She convinced Tripp to buy and operate a cheap RadioShack tape recorder. Yes, that simple: probably more consequential than Rose Mary Wood’s tape recorder, all things considered. Lucianne encouraged Michael Isikoff and Newsweek to pick up the hot story, but, at a meeting in her son Jonah’s apartment, Isikoff was reluctant, and the magazine resolutely rejected the chance for a cover story. Lucianne tossed a lateral pass to her young friend Matt Drudge, and the Drudge Report took off.

She dispensed tidbits hither and yon “for the cause” — that is, to fan the embers — for she viewed Clinton’s incumbency as a cancer on the body politic. No tips, however, were book excerpts, because there was no book. “Monica Kept Sex Dress As Souvenir” (New York Post); “Bill Had Hundreds [of Women]” (New York Post); “Monica’s Own Story — Affair started on day we met — after I flashed my sexy underwear” (the Weekly Star). Those 20 hours of tapes and interminable phone calls with Tripp were not fruitless.

Ken Starr, Alfred Regnery, lawyers at the Federalist Society … a cast of thousands, seemingly; many of them were the denizens of Lucianne Goldberg’s Rolodex. Like a vortex, other names were sucked into the scandal; Vernon Jordan and Bill Richardson helpfully offered to find a job on some governmental shelf far away from the White House.

As noted, this major chapter in Lucianne’s career — and the nation’s — was also one of modest business impact or financial gain. She endured major public opprobrium (except from the Right, of course) but truly did not give a fig, or words to that effect. She never made a dime off the Lewinsky matter. No book deal for anyone. Nor herself. And, against the perception of her as a manipulator, she actually met Tripp only twice throughout all the years. Lucianne was sympathetic toward Tripp; she had mixed feelings, including pity for Monica and never-ending, never-waning bitter contempt for Clinton.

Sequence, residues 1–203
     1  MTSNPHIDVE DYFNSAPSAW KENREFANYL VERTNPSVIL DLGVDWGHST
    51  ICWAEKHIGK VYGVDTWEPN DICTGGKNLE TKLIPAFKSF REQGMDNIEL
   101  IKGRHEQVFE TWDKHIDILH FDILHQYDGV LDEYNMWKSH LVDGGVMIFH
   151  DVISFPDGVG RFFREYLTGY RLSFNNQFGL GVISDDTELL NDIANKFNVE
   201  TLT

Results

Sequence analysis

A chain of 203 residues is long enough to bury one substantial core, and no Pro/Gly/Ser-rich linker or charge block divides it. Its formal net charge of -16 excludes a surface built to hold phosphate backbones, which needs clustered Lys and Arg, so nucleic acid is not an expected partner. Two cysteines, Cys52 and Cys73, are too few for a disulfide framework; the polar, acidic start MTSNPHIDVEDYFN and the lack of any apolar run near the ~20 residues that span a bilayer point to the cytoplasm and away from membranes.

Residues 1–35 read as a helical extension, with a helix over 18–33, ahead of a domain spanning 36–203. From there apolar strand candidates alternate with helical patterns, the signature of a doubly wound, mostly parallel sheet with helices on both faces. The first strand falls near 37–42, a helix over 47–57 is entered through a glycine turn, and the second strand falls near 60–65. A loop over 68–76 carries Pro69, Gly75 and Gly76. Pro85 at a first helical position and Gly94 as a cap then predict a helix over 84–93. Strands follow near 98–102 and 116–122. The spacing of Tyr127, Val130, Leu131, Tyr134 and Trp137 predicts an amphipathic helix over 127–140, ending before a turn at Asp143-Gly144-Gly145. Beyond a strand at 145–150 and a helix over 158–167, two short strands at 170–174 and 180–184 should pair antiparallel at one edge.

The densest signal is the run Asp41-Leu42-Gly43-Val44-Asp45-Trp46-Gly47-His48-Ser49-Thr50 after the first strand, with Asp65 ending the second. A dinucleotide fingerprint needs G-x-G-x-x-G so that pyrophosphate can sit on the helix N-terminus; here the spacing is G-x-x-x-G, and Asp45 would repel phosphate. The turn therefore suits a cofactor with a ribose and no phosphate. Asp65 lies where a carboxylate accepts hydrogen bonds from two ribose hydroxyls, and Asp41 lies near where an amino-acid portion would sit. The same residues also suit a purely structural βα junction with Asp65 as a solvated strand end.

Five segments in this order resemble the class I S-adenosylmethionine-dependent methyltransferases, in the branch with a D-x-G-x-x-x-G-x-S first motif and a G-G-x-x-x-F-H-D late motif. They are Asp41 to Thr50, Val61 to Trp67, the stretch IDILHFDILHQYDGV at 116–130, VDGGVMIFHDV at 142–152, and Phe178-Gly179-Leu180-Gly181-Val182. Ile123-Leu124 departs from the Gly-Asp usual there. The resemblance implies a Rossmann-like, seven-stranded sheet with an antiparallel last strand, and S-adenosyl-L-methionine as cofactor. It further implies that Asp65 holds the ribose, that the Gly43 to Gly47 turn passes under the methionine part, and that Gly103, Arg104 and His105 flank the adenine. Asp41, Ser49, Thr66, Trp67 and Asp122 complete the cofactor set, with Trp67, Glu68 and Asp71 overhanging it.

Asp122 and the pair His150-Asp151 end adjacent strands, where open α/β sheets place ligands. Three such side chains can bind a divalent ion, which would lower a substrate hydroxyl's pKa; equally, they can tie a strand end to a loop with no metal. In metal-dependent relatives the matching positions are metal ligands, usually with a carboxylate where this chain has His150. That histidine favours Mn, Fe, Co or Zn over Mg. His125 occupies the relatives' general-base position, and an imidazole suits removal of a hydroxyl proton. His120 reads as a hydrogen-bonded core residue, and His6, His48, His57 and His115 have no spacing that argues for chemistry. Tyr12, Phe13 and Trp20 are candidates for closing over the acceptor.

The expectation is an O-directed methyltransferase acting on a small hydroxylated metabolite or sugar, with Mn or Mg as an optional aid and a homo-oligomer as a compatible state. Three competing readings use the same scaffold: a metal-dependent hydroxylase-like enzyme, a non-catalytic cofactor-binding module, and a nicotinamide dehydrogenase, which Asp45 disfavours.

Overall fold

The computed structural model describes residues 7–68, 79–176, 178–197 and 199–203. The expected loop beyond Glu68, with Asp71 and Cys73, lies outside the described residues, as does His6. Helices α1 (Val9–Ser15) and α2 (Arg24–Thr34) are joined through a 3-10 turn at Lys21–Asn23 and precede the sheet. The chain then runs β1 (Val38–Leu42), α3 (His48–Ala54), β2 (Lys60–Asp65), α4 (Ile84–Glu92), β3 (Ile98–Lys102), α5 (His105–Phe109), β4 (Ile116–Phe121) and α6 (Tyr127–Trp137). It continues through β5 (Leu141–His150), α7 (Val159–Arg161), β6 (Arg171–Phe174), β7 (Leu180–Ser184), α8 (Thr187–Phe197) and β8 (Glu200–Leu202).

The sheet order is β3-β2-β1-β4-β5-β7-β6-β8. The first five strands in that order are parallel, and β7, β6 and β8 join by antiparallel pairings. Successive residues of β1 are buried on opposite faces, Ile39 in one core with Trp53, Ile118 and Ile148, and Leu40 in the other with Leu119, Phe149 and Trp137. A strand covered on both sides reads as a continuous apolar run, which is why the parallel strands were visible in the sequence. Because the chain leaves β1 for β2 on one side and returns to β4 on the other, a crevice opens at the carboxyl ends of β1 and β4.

That “bottom line” refuted the portrayals of Lucianne as a rapacious harpy masquerading as a literary representative. Of course, there were whiffs of anti-Semitism — never aimed at Lewinsky but, stereotypically, against Goldberg. Despite the Jewish faith of Sid and her sons, Lucianne was an Episcopalian all her life. In fact, her faith fueled her patriotism.

For despite her proclivity for dishing, dirt, and dissing — and, yes, deals — Lucianne was a patriot. Her activities cannot be classified, or dismissed, as right-wing darts aimed at the balloons of the liberal establishment. She rather saw American society as being suffocated by a corrupt left wing, its members, and stooges in divers places. As she exposed, she educated. Concerning what would remain the main focus of her biography, she was asked, in a PBS interview about the Clinton–Lewinsky saga, “Are you proud of your role in what happened?”

She said: “I’m not ashamed of it … I’m proud that I knew the truth. That once I knew the truth, I got the truth out. I’m proud that I took care of my friends in doing so.… There’s nothing that I did that I’m ashamed of for an instant. It’s just that things worked out the way they worked out.”

The woman who thrived on tweaking the Establishment and maintaining her carefully cultivated, but authentic and outrageous, persona seldom fibbed. But she was amused when opponents drew conclusions. She was fiercely loyal to friends. Her bite could indeed be worse than her bark; yet, she had an abundant dose of good will and an extravagant sense of humor. She was cynical about many things and many people, but loyal to friends and to her country. Conservative ideals and her faith and a great community of friends sustained her.

Through it all, Lucianne Goldberg only occasionally let her hair down to the outside world. When she did, it confirmed the essence of the Right’s own Joan of Arc. She told Ferguson in Time:

We, as a country, needed a test…. And that’s what [the Clinton] scandal was: a little priority test, for everybody—particularly for people who’ve had kids in the past 30 years, when all this nonsense was going on. You know what I mean, this whole mind-set: screw everybody you want. Don’t have a husband if you have a baby. Walk out on relationships. Latchkey kids are O.K. Don’t marry anybody. The whole general morality. Get [oral sex] in the bathroom of the Oval Office. We needed a wake-up call, and this was a major wake-up call.

America has lurched onward if not forward since that imbroglio. Lucianne Goldberg appeared to play offense, but, in fact, she was a major team player on defense, encountering stars and scars both. Her dogged commitments and clever stratagems will be missed.

Rick Marschall is the author of 75 books and a former political cartoonist, columnist, and syndicate editor.